What do you think?  Before you answer, there’s one more important piece of evidence you need. For the sake of intellectual integrity you should read the Bible yourself.  Then you can make your own decision.   So here’s my challenge: find a Bible and read the Gospel of John.  No preaching from me or anyone else.  Just “pick it up and read it,” as a child once challenge St. Augustine.  It changed his life and I pray it will change yours.

Visit The Essential Bible Blog to read other thought provoking posts by Whitney T. Kuniholm.

1 Comment

Biblical Illiteracy

“’The days are coming,’ declares the Sovereign Lord, ‘when I will send a famine through the land— not a famine of food or a thirst for water, but a famine of hearing the words of the Lord.  People will stagger from sea to sea and wander from north to east, searching for the word of the Lord, but they will not find it'” Amos 8:11-12 (NIV).

Evangelical Christians hold the Bible in high esteem, but according to researchers, don’t really read and reflect on it. Ironically, Evangelicals are distressed by the many problems and issues in the world (e.g. the growth of secularism and pluralism, ISIS/ISIL, the sanctity of human life, immigration/refugees, family values) but show little concern for their low levels of biblical literacy. What’s up? Why is it that most Christians in the 21st Century don’t possess a sound and coherent understanding of the Bible?

When I ask other Christians why we know less and less about the Bible, I’m often told that it’s a product of postmodernity. While it’s true that most Western nations have managed to sterilize or mute all biblical references or content from the public square, the problem seems to be much deeper. Some of the reasons for the rise in biblical illiteracy may include:

  • Christians have bought into the ‘feel-good’ approach to life. Being happy, and having good feelings about God, have eclipsed the need for biblical learning and doctrine. Rather than building our faith on the hard work of daily wrestling with the Scriptures to develop solid thinking and sound theology, we’ve settled for a spirituality built on private emotional and experiential attachments.
  • Christians have opted for a dumbed-down faith. Very few of us read church history or apologetics. Most Christians don’t consult commentaries or conduct word-searches to better understand a text or biblical word. We say we don’t have time, but truthfully, we’re lazy. We’ve opted for lower standards, preferring to be entertained than to exercise the spiritual disciplines of study, memorization and meditation.
  • Christians have adopted the ways of the world. We’ve diluted truth by integrating secular worldviews and other religious teachings into our thinking. We’ve also practiced an unbiblical form of tolerance by avoiding contentious social and political issues that are antithetical to Scripture. In so doing we’ve emasculated faith and created a perverted spirituality.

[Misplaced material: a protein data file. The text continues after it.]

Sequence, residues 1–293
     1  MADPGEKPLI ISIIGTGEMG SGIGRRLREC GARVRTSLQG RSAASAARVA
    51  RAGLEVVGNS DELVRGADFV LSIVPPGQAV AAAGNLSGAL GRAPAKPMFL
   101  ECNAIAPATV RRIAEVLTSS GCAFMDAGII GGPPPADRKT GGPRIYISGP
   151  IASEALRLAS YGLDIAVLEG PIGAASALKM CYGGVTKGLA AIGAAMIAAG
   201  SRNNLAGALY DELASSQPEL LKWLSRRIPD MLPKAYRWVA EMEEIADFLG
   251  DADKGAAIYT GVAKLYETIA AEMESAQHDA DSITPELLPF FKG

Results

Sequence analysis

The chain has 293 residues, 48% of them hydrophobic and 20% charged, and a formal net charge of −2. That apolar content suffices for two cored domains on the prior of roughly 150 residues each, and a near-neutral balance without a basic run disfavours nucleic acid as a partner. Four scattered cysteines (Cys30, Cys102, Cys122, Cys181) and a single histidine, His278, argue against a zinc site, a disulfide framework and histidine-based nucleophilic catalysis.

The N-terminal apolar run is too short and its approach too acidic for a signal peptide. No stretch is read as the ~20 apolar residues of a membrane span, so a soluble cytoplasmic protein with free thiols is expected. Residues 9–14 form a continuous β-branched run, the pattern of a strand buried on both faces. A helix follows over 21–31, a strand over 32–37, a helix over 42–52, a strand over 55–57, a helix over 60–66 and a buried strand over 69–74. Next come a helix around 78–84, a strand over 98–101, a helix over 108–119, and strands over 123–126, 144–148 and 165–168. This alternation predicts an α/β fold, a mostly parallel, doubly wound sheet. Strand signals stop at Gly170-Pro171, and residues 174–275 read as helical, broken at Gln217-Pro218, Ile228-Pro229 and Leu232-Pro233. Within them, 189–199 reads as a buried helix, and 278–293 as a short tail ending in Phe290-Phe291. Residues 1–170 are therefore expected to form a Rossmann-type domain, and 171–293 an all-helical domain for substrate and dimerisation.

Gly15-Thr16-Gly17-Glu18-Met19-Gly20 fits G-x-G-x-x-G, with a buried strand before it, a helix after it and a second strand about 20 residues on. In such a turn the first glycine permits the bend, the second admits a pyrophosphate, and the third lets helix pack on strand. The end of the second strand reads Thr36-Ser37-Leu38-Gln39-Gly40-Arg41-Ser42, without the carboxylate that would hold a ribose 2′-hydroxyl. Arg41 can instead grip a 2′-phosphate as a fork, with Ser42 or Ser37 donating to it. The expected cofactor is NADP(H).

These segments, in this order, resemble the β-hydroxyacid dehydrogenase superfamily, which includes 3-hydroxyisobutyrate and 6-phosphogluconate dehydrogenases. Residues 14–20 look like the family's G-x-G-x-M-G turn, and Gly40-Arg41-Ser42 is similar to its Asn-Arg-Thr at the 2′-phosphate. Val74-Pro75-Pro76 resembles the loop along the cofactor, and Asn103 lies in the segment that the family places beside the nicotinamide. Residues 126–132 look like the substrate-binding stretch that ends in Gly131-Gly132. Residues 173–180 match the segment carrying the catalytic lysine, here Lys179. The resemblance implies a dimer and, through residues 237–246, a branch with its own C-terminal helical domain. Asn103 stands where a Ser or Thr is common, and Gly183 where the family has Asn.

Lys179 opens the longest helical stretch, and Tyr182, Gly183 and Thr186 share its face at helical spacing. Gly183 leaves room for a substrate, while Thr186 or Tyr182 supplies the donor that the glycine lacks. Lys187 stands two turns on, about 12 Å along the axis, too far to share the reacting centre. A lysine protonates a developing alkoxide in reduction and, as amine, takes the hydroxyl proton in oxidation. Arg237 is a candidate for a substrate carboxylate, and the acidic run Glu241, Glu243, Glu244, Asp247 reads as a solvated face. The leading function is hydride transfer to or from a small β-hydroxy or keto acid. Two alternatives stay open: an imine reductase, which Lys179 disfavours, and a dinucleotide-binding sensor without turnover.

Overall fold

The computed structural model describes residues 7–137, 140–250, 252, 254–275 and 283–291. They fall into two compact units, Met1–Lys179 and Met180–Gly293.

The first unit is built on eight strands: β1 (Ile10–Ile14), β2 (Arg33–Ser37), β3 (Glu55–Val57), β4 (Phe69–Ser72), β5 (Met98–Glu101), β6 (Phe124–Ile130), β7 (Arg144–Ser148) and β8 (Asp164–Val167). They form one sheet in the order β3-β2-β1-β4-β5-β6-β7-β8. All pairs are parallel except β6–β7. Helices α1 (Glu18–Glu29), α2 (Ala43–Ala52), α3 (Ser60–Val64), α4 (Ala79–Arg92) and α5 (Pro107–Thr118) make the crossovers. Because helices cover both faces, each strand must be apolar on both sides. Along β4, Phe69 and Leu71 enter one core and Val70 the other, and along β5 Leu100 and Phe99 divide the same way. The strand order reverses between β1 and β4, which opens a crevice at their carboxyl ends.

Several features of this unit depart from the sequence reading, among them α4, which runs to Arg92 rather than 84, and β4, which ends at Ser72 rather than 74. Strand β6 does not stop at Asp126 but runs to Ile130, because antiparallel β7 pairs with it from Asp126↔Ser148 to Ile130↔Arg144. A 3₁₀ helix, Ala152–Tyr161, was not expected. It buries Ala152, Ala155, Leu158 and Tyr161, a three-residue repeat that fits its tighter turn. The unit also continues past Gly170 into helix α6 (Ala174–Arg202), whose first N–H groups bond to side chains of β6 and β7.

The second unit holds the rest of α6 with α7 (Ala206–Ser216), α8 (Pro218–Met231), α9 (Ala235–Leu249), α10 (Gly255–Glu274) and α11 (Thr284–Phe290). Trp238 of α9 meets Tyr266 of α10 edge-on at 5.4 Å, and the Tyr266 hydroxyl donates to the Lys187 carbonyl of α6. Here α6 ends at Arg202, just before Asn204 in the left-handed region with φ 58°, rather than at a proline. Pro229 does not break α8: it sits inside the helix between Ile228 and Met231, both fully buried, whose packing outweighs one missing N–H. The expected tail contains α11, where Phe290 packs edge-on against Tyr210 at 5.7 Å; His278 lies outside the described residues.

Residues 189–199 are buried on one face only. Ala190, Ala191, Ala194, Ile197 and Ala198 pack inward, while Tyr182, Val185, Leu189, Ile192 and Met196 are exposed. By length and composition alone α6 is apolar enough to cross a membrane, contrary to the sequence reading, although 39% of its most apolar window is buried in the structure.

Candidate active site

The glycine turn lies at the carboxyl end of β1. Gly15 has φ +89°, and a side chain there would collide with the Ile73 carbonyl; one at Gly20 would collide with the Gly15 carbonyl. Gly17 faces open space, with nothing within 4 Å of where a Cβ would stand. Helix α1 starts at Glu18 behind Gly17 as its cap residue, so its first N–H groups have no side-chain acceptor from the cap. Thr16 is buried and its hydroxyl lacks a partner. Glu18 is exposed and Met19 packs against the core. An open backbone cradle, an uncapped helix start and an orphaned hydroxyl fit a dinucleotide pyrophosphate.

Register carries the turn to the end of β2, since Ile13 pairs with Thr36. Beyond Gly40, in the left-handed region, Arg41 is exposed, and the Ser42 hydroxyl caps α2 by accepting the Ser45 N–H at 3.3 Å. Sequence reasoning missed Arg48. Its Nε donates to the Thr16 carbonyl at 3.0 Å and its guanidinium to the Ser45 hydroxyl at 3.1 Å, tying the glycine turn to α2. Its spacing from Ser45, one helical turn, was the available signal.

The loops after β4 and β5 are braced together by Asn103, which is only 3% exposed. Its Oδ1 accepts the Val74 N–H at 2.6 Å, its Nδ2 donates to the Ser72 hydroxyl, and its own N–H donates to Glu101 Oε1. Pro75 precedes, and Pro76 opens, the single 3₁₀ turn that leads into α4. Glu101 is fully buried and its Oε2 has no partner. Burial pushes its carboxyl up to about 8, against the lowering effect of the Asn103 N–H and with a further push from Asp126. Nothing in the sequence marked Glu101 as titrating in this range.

“When the hearthfire turns to blue, what to do? what to do?” Hopefully it won’t be to “run outside, run and hide” Patrick Rothfuss, The Name of the Wind. No, what we need to do is:

  • Aspire to a challenging Christianity that equips and encourages us to “Study to show yourself approved by God, a workman who need not be ashamed, rightly dividing the word of truth” 2 Timothy 2:15 (MEV). In other words, in all our reading and learning we must major on studying God’s Word. While we may read many books, we must master God’s Book!
  • Call ourselves out on the unbiblical views that we hold, reject them, and allow the truths of Scripture to renew our minds. ” Do not conform to the pattern of this world, but be transformed by the renewing of your mind. Then you will be able to test and approve what God’s will is—his good, pleasing and perfect will” Romans 12:2 (NIV).
  • Deal with sin. Most of us spend more time watching TV, trolling social network sites, or playing video games than we do reading and reflecting on God’s Word. Our misplaced priorities are sin. “If anyone, then, knows the good they ought to do and doesn’t do it, it is sin for them” James 4:17 (NIV).
  • Own it! We must deal with the problem of biblical illiteracy with gravity and seriousness. There can be no compromise. Pastors and Christian leaders must advocate for, and model, personal disciplines of Bible engagement. “Blessed is the one who does not walk in step with the wicked or stand in the way that sinners take or sit in the company of mockers, but whose delight is in the law of the Lord, and who meditates on his law day and night” Psalm 1:1-2 (NIV). Meditating on God’s Word “day and night” – that’s something we should profess and possess!

Here’s a final thought provoking closing comment from Albert Mohler: “We will not believe more than we know, and we will not live higher than our beliefs”.

© Scripture Union Canada 2016

2 Corinthians 4:5

Recommended articles for further reading:

The Crisis of Biblical Illiteracy and What We Can Do About It, Kenneth Berding – http://magazine.biola.edu/article/14-spring/the-crisis-of-biblical-illiteracy/

The Epidemic of Bible Illiteracy in Our Churches, Ed Stetzer – http://www.christianitytoday.com/edstetzer/2015/july/epidemic-of-bible-illiteracy-in-our-churches.html

The Scandal of Biblical Illiteracy: It’s Our Problem, Albert Mohler – http://www.albertmohler.com/2016/01/20/the-scandal-of-biblical-illiteracy-its-our-problem-4/

Leave a comment

Understanding the Bible

John Stott, the British theologian, is considered one of the most influential Evangelical leaders and teachers of the 20th Century. Here are a selection of engaging statements from his classic bestseller, Understanding the Bible: